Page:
2. How did you come to co-produce EBE07? Why is it free to attend?
Some of Spain's blogging pioneers come from Seville. Two of them, José Luis Antúnez and José Luis Perdomo called Benito Castro and asked us to do a kind of summit for bloggers and Evento Blog España was born.
In 2006, Seville's state government, Junta de Andalucía, and Microsoft agreed to be sponsors, with the understanding they would respect our freedom to invite whoever we wanted. Suddenly we had a free place to do it and money to pay the flights and hotels of international speakers. When other bloggers heard about it, the all expressed enthusiasm. Friends and enemies, colleagues and competitors all enthusiastically offered support. We gathered a great group who knew each other online, but had never seen each other in person.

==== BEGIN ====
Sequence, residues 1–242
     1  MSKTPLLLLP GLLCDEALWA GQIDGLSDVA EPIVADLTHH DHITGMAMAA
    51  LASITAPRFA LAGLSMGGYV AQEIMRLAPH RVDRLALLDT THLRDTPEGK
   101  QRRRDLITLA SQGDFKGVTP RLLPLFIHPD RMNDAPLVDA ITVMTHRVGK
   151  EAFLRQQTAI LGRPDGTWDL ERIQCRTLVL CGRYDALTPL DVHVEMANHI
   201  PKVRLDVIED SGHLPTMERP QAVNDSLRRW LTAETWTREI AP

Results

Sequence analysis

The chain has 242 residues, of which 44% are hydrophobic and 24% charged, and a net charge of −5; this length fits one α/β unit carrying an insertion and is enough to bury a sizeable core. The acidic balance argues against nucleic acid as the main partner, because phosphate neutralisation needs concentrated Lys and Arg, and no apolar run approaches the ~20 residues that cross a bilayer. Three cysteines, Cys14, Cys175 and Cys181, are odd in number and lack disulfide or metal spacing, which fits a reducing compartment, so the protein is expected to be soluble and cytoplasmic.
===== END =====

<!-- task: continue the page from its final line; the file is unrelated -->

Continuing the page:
In our first year we invited Matt Mullenweg, and some of the most influential and interested people in some areas of blogging: Education, Politics, Technology, Ethics, Business, etc. We later discovered that the most interested conversations took place during the breaks and the beers & in tapas bars.
In 2007, the expectation was high and we grew from 200 attendants to 620. Our goal was to respect for the community. EBE 07 was organized for bloggers, and we tried treat them as queens and kings not as subjects. EBE07 was built on them, with low key sponsor presence, free admission and long breaks and social activities.